PHOENIX — In a studio barbershop in a downtown Phoenix building off of 1st Avenue, the open sign is illuminated as Elias Medina starts to trim the first of several clients’ hair.
Medina and Gabe Sanchez don’t even talk about how Gabe would like his hair cut on this Friday. Medina just knows.
“I always joke around, but finding a good barber is almost like finding a good wife, you know?" Sanchez said. "They know exactly how to cut your hair without even saying anything."
Medina and Sanchez chat back and forth as Medina switches between clippers, adjusting them, and continuing his focused work.
At one point, Medina noticed from feet away something he wanted to change on Sanchez’s left side.
“Those little details go a long way,” Medina said
Sanchez said Medina is his third barber in his entire life. He’s been getting his hair cut the same way since he was 18.
“Man, this guy is really particular about his hair,” Medina said. “He went months and months and months without getting his hair cut.”
Instead, Medina spent months focused on different details.
“As long as I wake up, I could stand up, you know – breathing,” Medina said. “That’s all I care about.”
Those things were not possible almost a year ago.
“I woke up in the hospital and with tubes in my mouth. I couldn't talk, feel, move, anything. I was just helpless in every way,” Medina said.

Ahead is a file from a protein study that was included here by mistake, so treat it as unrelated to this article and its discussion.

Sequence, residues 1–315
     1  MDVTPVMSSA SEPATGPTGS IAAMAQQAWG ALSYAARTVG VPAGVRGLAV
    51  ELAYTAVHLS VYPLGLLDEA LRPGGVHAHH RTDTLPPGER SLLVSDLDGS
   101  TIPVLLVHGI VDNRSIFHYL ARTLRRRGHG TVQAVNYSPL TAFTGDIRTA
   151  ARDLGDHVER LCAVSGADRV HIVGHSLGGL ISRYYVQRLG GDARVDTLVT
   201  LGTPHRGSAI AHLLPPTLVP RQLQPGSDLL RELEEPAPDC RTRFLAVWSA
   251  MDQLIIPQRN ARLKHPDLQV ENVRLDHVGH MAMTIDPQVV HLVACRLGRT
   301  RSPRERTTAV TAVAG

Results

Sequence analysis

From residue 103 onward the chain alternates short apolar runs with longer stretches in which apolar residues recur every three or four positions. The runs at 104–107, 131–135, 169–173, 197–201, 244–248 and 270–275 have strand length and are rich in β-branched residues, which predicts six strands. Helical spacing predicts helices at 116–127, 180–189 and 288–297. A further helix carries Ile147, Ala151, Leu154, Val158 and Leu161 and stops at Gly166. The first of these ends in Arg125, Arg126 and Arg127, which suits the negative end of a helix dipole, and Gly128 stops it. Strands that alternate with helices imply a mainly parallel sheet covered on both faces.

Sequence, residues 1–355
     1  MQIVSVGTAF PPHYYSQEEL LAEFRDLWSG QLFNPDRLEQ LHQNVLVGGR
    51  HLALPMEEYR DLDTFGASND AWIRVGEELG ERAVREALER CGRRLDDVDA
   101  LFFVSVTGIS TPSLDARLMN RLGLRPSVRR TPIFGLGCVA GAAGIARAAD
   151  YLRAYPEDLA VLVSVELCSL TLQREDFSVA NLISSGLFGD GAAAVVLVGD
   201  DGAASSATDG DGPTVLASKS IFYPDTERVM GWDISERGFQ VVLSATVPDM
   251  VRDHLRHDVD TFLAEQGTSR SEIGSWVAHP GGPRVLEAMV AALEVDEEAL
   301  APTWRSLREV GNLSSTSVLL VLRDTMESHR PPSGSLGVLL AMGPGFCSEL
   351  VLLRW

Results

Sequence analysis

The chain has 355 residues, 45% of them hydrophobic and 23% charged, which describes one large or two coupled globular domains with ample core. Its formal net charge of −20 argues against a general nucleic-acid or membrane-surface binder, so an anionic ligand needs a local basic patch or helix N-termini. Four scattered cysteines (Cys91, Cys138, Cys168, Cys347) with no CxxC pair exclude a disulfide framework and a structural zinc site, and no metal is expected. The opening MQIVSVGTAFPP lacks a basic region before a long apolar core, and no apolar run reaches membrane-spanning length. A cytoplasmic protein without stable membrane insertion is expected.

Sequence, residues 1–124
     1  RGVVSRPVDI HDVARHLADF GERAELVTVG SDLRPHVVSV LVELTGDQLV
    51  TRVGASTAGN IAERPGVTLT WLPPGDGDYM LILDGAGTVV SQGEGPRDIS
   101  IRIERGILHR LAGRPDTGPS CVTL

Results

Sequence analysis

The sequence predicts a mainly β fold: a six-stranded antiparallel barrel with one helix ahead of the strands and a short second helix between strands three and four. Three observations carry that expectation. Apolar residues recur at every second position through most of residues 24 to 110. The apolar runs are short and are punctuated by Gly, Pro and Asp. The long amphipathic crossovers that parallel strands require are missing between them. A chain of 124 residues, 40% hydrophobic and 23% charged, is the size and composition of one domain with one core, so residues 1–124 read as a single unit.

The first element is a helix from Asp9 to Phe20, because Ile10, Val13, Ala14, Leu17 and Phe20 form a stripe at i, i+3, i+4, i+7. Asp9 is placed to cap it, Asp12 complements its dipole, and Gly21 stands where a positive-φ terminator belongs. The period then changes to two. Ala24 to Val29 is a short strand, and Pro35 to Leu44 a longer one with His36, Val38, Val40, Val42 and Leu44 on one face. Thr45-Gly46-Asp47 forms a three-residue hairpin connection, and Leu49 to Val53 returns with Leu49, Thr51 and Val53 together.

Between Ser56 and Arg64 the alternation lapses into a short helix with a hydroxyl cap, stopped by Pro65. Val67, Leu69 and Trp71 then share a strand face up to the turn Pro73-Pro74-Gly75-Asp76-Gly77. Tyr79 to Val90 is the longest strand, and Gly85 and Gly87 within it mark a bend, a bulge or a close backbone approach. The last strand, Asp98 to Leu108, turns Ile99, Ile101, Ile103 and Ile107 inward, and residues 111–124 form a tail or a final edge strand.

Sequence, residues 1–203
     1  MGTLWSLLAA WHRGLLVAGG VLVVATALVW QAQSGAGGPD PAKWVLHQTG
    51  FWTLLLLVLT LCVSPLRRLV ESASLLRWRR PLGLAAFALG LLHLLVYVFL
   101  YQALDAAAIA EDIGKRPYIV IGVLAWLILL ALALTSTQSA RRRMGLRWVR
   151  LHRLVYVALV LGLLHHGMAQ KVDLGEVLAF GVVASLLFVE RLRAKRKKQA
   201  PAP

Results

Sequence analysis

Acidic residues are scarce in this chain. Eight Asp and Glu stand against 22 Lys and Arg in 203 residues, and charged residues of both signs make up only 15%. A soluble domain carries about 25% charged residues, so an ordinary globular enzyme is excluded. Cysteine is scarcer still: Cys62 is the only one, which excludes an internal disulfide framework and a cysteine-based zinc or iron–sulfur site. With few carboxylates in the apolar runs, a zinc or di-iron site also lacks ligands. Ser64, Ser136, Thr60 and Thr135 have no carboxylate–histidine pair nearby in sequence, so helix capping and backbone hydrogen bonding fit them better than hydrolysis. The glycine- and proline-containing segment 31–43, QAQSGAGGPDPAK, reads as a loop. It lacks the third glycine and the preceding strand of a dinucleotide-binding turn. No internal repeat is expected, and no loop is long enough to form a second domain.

Last July, Medina got a severe case of COVID-19 that landed him in a coma and on a ventilator in the ICU.
12News first told Medina’s story in September, when we met him in a rehab facility.
“I wish I could just stand up,” Medina said in September 2021. “To me, it’s a privilege and I can’t even do that – yet.”
Medina wasn’t vaccinated when he got COVID in July 2021. While he had to wait to get his vaccine because of how sick he got, Medina got his shots, and just recently became eligible for the booster. He plans to get that soon.
Medina said he kept going for his kids, for his wife, Stephanie, and to move beyond the illness that took so many months of his life.
“I just want to be able to be alive and cognitive of seeing my kids,” he said. “Watching them get married, graduate. Just being there.”
Medina wanted those September moments to look different, for him to feel different and even for an interview to be different.
“I’ve been waiting for this day,” Medina said.
So Friday marks day one of several clients coming to his downtown barbershop chair.
“It was a ghost town for the past year and a half, but it’s still here,” Medina said.
While Medina still has more recovery to do, he remains grateful for the little things.
“I want to take full advantage of this second chance. All I can,” Medina said.
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